As a bus driver from the outside looking in, I would have thought that Dexter was a school celebrity, because he had everything going for him!  He was smart as well as the teachers and students adored him.  Well, one day as I was doing my "bus check," I found a small girl's pink-flowered book bag. When I discovered the bag I was like, "Ah, of my children left their bag and now I have to go back and return it to the primary school," so I looked in the bag to see if I could find a name of whom the bag belonged to.  What I found instead was Dexter's leather filing case for debate team. I was rather perplex to why a boy would want to carry a girls pink bookbag to school?

Disclaimer: I have been medically diagnosed with pink-o-phobia, so therefore you could not pay me $200 to carry a pink bookbag back to an all male middle and high school, and the school have cameras too!  Oh, no, my "MAN pride" was not about to get busted that Dexter would have to retrieve his bag himself that afternoon.

I was still perplexed about the pink bookbag, when I remembered a youtube video of Bill Cosby talking about education.  Bill Cosby referenced a conversation that he had with a young boy (also from a poor community) not doing his homework.  The kid told him he did not want to do his homework, because the other kids told him that he was trying "To be White."  Of course, Bill Cosby went on a rant on the jeopardy of this upcoming generation  who identifies a good education as a course for "white people" and other races who want to be like "white people."  Cosby pointed out that education is for everyone and if we escape our circumstances, then we can't place racial colors on education.

It dawned on me that Dexter was hiding the fact that he was brilliant by placing his debate brief in a child's bag.  Being identified as "The Brain" was taking it toll on him.  My opinion is that Dexter wanted to be a normal student with a normal life. He no longer saw his identification as "The Brain" as a place of entitlement, but rather a place of ridicule and unwanted privilege. I have learned that there are people who desire to be treated normal though they are special.  He felt that as long as he carry this lawyer's brief, he would not be able to escape the glorified special treatment, so he hid his brilliance in a childish place, a book bag. I can honestly say that being brilliant in a Title I community can be just as terrorizing as a student being bullied.  I have discovered that hateful students can "turn their nose up" toward those who exhibits great promise in academia.  Though they may label them as "nerds" or "teacher's pets" in a positive light, there is an underlying attitude of spite projected towards these high achieving students due the defeated mindset deep within the attitude of these communities.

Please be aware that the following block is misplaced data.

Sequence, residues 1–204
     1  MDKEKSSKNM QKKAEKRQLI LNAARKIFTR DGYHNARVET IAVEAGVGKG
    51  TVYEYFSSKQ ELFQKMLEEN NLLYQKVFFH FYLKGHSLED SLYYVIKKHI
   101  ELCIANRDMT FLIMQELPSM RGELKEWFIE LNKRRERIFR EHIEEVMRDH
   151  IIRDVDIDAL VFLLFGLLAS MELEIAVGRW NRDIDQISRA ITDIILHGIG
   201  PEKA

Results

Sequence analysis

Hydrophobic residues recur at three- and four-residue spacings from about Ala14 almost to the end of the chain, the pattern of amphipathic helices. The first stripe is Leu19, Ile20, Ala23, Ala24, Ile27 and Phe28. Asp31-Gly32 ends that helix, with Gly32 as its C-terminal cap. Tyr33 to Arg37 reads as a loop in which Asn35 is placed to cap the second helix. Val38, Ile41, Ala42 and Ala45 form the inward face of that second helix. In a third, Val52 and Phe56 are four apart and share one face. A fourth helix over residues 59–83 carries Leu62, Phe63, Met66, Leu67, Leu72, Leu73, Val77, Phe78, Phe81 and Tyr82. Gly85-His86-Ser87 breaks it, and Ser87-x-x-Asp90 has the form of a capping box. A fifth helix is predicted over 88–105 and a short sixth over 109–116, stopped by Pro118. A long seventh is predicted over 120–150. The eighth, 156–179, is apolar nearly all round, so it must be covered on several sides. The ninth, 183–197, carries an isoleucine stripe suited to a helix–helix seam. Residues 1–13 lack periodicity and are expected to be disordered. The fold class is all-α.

I have chosen to share this story with the Atlanta Public Schools’ community because this defeated mindset within our students needs to be combatted. There needs to be saturated prayer for our students that they begin to believe in themselves and that they can either escape the poverty mindset or bring prosperity to the minds and hearts of their community.  If your child is a promising high performing academic student, then  tell the young man or young woman to hold his or her head up high.  It is important for one to keep shining his or her light, be strong, and encourage others that liberty begins with a new mindset. Lastly, Parents communicate with your child!  Find out if your child is being ridicule or placed under a lot of social pressure for being smart.